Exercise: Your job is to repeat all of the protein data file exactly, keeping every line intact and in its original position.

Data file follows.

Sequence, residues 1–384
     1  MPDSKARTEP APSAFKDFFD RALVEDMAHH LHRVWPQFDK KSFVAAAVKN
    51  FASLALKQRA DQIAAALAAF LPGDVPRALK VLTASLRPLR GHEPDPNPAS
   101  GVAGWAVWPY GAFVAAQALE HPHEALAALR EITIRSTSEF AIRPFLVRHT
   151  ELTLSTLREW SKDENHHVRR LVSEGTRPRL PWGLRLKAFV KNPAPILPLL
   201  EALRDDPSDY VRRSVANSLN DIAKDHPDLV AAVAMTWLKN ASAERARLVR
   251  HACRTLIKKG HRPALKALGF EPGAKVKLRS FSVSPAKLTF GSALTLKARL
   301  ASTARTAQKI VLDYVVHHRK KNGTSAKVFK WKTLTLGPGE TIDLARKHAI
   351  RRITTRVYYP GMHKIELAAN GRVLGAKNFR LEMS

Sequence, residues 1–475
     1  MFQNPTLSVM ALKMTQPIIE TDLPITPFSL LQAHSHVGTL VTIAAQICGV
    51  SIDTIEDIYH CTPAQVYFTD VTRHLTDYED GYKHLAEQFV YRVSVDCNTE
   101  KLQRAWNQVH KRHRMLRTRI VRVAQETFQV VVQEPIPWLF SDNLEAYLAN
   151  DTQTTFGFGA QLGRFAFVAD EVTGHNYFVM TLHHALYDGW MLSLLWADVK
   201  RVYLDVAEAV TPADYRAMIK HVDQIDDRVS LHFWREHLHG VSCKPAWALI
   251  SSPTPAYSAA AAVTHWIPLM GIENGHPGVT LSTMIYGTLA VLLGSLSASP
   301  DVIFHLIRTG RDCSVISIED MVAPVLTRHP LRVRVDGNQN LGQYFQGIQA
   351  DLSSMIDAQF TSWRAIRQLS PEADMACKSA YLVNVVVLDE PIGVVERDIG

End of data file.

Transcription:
Sequence, residues 1–384
     1  MPDSKARTEP APSAFKDFFD RALVEDMAHH LHRVWPQFDK KSFVAAAVKN
    51  FASLALKQRA DQIAAALAAF LPGDVPRALK VLTASLRPLR GHEPDPNPAS
   101  GVAGWAVWPY GAFVAAQALE HPHEALAALR EITIRSTSEF AIRPFLVRHT
   151  ELTLSTLREW SKDENHHVRR LVSEGTRPRL PWGLRLKAFV KNPAPILPLL
   201  EALRDDPSDY VRRSVANSLN DIAKDHPDLV AAVAMTWLKN ASAERARLVR
   251  HACRTLIKKG HRPALKALGF EPGAKVKLRS FSVSPAKLTF GSALTLKARL
   301  ASTARTAQKI VLDYVVHHRK KNGTSAKVFK WKTLTLGPGE TIDLARKHAI
   351  RRITTRVYYP GMHKIELAAN GRVLGAKNFR LEMS

Sequence, residues 1–475
     1  MFQNPTLSVM ALKMTQPIIE TDLPITPFSL LQAHSHVGTL VTIAAQICGV
    51  SIDTIEDIYH CTPAQVYFTD VTRHLTDYED GYKHLAEQFV YRVSVDCNTE
   101  KLQRAWNQVH KRHRMLRTRI VRVAQETFQV VVQEPIPWLF SDNLEAYLAN
   151  DTQTTFGFGA QLGRFAFVAD EVTGHNYFVM TLHHALYDGW MLSLLWADVK
   201  RVYLDVAEAV TPADYRAMIK HVDQIDDRVS LHFWREHLHG VSCKPAWALI
   251  SSPTPAYSAA AAVTHWIPLM GIENGHPGVT LSTMIYGTLA VLLGSLSASP
   301  DVIFHLIRTG RDCSVISIED MVAPVLTRHP LRVRVDGNQN LGQYFQGIQA
   351  DLSSMIDAQF TSWRAIRQLS PEADMACKSA YLVNVVVLDE PIGVVERDIG